And it seems to me that the curricula I examined set out to make culture warriors. Clearly, the authors of the texts wanted students to “take America back” for God—some of them explicitly expressed that as a goal. My fear is that, in trying to help students think Christianly, these curricula have failed in helping students think historically. I argue that Christianity is an historical faith, and as such, thinking Christianly and historically are not mutually exclusive.

6. Finally, how would you characterize the benefits of adopting your open exceptionalist model?

Getting back to civil religion, and in particular, Gardella’s emphasis on how civil religion promotes unity, I argue that open American exceptionalism can serve as a basis for responsible civic engagement. Exceptionalism does not have to be articulated in exclusivist, nationalist, or even strongly theological terms. As I considered O’Sullivan as an example of the failings of closed exceptionalism, I considered Abraham Lincoln as an example of the potential for open exceptionalism.

For example, for Lincoln, the salient statement of the American founding was found in the Declaration of Independence—“all men are created equal.” This is an absolute statement, and it is consistent with the Christian doctrine of anthropology, namely, that all human beings are created in the image of God. Civil liberties, a high view of human life, the inherent dignity of the individual—these and other political ideas are rooted in the statement found in the Declaration. To adopt the Declaration as a foundational document articulating founding principles that are unchanging is a religious exercise because it is adopting an article of faith. But it is not an exercise that does violence to a Christian people’s confession or practice. Quite the contrary—it is consistent with that confession and practice.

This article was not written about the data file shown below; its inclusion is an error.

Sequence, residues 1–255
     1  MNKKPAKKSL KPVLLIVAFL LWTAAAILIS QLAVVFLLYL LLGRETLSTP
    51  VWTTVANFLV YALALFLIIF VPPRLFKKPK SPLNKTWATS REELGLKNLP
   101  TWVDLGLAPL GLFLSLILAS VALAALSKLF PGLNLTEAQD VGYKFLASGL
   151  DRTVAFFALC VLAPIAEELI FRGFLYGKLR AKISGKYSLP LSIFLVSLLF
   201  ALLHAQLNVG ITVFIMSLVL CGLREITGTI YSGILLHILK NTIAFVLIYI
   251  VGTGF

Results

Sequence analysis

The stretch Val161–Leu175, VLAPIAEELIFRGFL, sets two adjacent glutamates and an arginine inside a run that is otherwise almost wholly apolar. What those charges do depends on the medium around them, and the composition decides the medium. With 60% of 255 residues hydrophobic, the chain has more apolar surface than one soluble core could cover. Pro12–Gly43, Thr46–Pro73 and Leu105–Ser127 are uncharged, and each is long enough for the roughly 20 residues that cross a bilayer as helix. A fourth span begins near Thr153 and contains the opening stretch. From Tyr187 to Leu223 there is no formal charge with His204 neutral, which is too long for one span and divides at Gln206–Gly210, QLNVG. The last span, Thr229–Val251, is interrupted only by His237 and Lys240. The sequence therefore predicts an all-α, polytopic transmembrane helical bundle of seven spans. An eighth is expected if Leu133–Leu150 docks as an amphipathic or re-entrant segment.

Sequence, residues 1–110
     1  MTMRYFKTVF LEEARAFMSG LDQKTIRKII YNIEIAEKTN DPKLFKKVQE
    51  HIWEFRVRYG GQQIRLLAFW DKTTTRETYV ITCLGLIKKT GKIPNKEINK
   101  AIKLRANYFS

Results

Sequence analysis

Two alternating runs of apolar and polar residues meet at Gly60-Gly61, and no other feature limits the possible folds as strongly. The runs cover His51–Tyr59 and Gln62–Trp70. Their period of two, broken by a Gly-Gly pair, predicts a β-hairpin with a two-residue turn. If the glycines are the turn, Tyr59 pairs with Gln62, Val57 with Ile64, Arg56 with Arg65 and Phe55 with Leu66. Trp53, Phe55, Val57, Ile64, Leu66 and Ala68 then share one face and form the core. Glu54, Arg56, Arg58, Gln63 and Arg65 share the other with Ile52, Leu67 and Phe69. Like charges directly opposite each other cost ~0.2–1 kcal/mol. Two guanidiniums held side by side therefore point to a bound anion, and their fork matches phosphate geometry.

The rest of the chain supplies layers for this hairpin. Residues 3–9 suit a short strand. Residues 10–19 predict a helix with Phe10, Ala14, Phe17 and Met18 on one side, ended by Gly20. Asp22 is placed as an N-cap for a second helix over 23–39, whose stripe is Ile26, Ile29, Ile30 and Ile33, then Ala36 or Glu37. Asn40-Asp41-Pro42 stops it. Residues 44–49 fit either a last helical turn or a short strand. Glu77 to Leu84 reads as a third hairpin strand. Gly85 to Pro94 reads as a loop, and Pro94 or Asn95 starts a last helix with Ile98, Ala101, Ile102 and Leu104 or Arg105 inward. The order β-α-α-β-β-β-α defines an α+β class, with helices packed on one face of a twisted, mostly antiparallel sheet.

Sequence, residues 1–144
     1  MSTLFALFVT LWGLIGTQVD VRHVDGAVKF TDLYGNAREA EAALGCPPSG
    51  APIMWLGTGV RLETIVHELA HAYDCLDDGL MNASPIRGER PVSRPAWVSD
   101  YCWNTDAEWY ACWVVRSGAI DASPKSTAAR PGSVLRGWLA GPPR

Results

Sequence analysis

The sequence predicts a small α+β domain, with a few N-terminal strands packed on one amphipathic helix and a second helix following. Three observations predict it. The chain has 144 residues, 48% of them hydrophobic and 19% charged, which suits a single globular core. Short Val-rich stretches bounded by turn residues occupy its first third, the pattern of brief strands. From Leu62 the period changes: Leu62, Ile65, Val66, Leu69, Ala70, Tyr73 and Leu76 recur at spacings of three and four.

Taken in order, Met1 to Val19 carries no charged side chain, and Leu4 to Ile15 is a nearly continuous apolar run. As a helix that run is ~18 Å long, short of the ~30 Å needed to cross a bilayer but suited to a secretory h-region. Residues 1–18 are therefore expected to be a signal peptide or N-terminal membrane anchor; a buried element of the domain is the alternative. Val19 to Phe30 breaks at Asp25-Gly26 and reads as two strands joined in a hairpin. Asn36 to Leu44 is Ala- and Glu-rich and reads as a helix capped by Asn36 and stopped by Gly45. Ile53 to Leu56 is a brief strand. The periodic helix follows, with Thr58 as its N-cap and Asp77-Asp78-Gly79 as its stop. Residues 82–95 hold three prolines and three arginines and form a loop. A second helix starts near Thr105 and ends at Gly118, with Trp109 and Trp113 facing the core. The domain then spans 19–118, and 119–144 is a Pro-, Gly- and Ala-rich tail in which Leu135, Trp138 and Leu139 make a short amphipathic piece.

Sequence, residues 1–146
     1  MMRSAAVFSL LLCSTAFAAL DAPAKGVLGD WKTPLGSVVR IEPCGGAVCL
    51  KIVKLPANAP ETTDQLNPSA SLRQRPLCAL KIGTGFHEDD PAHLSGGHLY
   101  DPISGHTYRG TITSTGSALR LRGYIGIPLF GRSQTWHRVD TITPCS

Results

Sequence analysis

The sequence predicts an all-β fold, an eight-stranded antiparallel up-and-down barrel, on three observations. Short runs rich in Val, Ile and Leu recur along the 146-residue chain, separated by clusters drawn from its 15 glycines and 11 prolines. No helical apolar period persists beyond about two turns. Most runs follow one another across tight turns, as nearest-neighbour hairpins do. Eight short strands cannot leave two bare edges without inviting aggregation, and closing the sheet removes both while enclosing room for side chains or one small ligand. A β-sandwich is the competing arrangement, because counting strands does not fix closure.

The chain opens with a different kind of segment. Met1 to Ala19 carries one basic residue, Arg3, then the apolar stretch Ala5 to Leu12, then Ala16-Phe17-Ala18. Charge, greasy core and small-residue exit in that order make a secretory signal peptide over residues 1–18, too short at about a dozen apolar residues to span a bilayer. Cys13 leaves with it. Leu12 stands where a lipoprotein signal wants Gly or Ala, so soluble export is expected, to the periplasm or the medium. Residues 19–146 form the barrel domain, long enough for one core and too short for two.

But adopting the principle of equality as expressed in the Declaration does not mean we should divide people into groups of the Chosen and the Other. It does not mean we accept the idea that America has a God given responsibility to go everywhere in the world to enforce American-style democracy. And it does not mean that religious Americans have a responsibility to take something back for God, something that has been lost in a past golden age. None of these tenets of closed American exceptionalism are necessary to be patriotic citizens.

Hopefully, the book will make a contribution to the field of American intellectual history, to American religious studies, and to American civic engagement. Thanks for this opportunity to talk a bit about the project!

Thanks, John!